Still, I can’t bring myself to agree with Rosen’s conclusions. I object when reports describe even institutions as “liberal” or “conservative,” “left” or “right.” What that does is signal the reader to be ready to discount or embrace the following viewpoint because it tracks (or doesn’t) with their view of the world.  Labeling these institutions really does nothing to combat the rampant “view from nowhere.” And having reporters reveal their politics, if that indeed is what Rosen is suggesting, will be an impotent solution to the problem. I think what it will lead to is the same thing we now see: groups from either side demanding that a news outlet add more conservative or progressive reporters to offset a perceived imbalance, as they do now with opinion writers. Then what? Do you have a conservative and a progressive covering the same beat? Otherwise, if it’s one or the other, the opposite inclined reader will not read the stories at all or complain incessantly about them.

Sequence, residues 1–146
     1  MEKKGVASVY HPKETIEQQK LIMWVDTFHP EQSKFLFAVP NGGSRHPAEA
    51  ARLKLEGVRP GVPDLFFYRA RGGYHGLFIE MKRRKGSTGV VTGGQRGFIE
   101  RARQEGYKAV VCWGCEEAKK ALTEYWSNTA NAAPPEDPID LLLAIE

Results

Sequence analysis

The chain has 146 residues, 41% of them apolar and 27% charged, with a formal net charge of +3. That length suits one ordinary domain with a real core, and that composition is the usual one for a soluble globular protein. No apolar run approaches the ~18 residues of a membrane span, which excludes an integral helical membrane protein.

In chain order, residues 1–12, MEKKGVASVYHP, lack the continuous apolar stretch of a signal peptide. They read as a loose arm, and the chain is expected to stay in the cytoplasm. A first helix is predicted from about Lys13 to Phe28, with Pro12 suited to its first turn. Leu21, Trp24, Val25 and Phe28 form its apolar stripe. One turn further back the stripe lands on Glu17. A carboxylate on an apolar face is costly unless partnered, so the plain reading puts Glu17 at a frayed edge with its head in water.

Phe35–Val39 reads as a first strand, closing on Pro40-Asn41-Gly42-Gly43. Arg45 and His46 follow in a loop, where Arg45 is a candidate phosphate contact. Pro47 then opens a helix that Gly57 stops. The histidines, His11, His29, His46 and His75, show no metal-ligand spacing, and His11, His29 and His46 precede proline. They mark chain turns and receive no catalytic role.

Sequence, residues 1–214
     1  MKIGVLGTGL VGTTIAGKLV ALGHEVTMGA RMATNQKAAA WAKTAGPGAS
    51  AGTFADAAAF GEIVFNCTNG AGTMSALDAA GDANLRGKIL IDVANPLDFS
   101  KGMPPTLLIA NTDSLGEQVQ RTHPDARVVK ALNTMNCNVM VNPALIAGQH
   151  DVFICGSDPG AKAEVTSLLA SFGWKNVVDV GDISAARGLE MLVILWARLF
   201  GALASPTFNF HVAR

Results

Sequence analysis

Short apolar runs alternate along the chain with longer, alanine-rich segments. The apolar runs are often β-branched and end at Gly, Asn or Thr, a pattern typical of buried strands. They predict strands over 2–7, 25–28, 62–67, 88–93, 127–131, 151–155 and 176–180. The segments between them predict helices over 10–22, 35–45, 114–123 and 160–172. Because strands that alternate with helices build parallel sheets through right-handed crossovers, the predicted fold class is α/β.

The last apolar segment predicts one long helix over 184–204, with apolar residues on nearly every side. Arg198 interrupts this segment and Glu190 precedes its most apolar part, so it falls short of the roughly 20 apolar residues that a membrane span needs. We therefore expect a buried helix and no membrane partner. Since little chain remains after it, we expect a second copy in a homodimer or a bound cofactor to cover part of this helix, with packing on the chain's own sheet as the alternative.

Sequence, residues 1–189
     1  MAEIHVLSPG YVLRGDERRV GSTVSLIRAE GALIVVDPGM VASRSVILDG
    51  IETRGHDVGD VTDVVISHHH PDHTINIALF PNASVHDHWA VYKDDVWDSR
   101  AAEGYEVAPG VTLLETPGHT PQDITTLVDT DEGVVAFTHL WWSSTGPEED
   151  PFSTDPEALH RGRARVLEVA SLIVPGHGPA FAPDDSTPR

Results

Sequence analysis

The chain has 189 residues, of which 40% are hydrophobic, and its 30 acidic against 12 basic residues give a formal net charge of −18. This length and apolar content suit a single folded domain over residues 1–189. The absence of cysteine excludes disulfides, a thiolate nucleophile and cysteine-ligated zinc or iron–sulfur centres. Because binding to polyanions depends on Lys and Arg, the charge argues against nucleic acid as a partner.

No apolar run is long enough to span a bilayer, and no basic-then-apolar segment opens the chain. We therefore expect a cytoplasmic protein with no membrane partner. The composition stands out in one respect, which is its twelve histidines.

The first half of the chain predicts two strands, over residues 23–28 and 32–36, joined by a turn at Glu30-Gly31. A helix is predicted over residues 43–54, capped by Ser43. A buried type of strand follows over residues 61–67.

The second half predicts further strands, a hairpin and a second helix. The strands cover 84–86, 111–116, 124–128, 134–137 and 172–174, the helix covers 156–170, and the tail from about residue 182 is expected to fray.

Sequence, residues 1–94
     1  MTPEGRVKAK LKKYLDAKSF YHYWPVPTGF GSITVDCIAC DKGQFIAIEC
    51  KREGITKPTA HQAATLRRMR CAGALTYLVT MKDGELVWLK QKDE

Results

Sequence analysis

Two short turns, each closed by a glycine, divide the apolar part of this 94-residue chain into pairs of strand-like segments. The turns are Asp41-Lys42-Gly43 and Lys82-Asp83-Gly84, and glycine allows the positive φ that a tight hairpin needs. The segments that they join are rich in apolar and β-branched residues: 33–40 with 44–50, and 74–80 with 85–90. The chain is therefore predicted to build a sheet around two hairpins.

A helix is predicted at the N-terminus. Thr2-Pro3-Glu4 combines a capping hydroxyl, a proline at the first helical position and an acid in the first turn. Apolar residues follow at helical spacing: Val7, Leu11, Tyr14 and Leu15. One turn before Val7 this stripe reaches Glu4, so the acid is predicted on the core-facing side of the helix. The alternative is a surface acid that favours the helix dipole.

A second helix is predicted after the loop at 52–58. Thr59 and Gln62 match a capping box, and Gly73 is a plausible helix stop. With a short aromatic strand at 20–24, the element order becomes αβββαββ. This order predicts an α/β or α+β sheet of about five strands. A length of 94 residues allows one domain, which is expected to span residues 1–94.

Besides, it’s hard to pinpoint where someone is coming from based solely on a few biographical paragraphs. I am a progressive and support many progressive causes. But I also think government is seriously flawed, inefficient and ineffective. I think the age at which one can start to draw Social Security should be raised. Gun control laws are largely ineffective. If I were a reporter, would I need to reveal all my views on each issue?